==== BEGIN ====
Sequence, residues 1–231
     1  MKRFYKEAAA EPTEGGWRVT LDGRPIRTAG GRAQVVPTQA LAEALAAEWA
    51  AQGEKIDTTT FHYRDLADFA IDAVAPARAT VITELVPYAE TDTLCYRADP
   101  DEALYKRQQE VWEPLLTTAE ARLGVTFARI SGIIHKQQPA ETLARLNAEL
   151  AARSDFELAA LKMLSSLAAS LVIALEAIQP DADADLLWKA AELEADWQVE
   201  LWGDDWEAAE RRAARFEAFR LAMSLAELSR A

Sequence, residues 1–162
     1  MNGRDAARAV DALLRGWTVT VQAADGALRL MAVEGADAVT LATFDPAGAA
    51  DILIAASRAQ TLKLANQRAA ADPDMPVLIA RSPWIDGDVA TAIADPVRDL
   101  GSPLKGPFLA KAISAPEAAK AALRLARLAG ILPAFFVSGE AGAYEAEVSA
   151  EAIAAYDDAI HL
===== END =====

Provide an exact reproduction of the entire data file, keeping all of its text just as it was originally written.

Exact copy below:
Sequence, residues 1–231
     1  MKRFYKEAAA EPTEGGWRVT LDGRPIRTAG GRAQVVPTQA LAEALAAEWA
    51  AQGEKIDTTT FHYRDLADFA IDAVAPARAT VITELVPYAE TDTLCYRADP
   101  DEALYKRQQE VWEPLLTTAE ARLGVTFARI SGIIHKQQPA ETLARLNAEL
   151  AARSDFELAA LKMLSSLAAS LVIALEAIQP DADADLLWKA AELEADWQVE
   201  LWGDDWEAAE RRAARFEAFR LAMSLAELSR A

Sequence, residues 1–162
     1  MNGRDAARAV DALLRGWTVT VQAADGALRL MAVEGADAVT LATFDPAGAA
    51  DILIAASRAQ TLKLANQRAA ADPDMPVLIA RSPWIDGDVA TAIADPVRDL
   101  GSPLKGPFLA KAISAPEAAK AALRLARLAG ILPAFFVSGE AGAYEAEVSA
   151  EAIAAYDDAI HL